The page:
Stack Overflow is a community of 4.7 million programmers, just like you, helping each other.

Join them; it only takes a minute:

Sign up
Join the Stack Overflow community to:
  1. Ask programming questions
  2. Answer and help your peers
  3. Get recognized for your expertise

I'm currently working on a report generation servlet that agglomerates information from several tables and generates a report. In addition to returning the resulting rows, I'm also storing them into a reports table so they won't need to be regenerated later, and will persist if the tables they're drawn from are wiped. To do the latter I have a statement of the form (NB: x is externally generated and actually a constant in this statement):

   (report_id, col_a, col_b, col_c)
SELECT x as report_id, foo.a, bar.b, bar.c
FROM foo, bar

This works fine, but then I need a second query to actually return the resulting rows back, e.g.

SELECT col_a, col_b, col_c
FROM reports
WHERE report_id = x

This works fine and since it only involves the single table, shouldn't be expensive, but seems like I should be able to directly return the results of the insertion avoiding the second query. Is there some syntax for doing this I've not been able to find? (I should note, I'm fairly new at DB work, so if the right answer is to just run the second query, as it's only slightly slower, so be it)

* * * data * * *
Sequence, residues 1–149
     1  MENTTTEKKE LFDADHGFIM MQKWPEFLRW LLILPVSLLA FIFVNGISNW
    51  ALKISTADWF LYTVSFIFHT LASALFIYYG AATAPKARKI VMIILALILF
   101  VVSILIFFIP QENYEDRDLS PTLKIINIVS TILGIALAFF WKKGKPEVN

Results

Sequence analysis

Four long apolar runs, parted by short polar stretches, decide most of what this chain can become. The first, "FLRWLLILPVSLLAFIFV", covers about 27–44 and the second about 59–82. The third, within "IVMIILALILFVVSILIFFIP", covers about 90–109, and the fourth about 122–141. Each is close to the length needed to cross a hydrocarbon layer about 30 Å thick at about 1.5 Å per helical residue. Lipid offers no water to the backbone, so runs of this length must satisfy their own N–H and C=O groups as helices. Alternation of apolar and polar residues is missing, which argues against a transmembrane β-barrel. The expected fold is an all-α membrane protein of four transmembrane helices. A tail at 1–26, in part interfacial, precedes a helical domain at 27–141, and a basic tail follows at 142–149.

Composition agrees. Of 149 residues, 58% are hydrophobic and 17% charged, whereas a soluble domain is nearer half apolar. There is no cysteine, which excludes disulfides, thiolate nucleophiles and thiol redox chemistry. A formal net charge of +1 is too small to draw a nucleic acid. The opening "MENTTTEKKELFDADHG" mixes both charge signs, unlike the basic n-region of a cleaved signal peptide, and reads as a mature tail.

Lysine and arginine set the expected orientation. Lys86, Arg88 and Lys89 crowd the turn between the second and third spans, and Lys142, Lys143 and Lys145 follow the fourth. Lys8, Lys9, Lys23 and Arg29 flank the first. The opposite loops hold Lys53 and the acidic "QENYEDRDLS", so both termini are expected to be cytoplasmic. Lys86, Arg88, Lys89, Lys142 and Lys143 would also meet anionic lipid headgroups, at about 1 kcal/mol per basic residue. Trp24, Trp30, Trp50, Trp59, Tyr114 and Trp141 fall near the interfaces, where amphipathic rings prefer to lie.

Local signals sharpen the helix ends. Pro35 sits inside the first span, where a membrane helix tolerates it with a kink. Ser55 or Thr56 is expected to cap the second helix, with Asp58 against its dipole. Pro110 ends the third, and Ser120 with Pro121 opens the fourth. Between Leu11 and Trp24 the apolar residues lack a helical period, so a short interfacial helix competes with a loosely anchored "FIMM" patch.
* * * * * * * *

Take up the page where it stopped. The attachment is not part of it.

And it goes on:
share|improve this question
up vote 13 down vote accepted

In PostgreSQL with version >= 8.2, you can use this construct:

INSERT INTO reports (report_id, col_a, col_b, col_c)
SELECT x as report_id, foo.a, bar.b, bar.c
FROM foo, bar
RETURNING col_a, col_b, col_c
share|improve this answer
We're running 8.4 so that's perfect, thanks. – Dusty Feb 16 '10 at 21:56
+1 for a solid answer and (also) mentioning version requirements (although most people should be on at least 8.3 by now) – ChristopheD Feb 16 '10 at 22:05

You could also use an SRF although that may be overkill. It depends on what you are trying to do. For example, if you are only returning the information to perform a piece of logic that will go directly back to the database to perform more queries, it may make sense to use an SRF.

share|improve this answer

Your Answer


By posting your answer, you agree to the privacy policy and terms of service.

Not the answer you're looking for? Browse other questions tagged or ask your own question.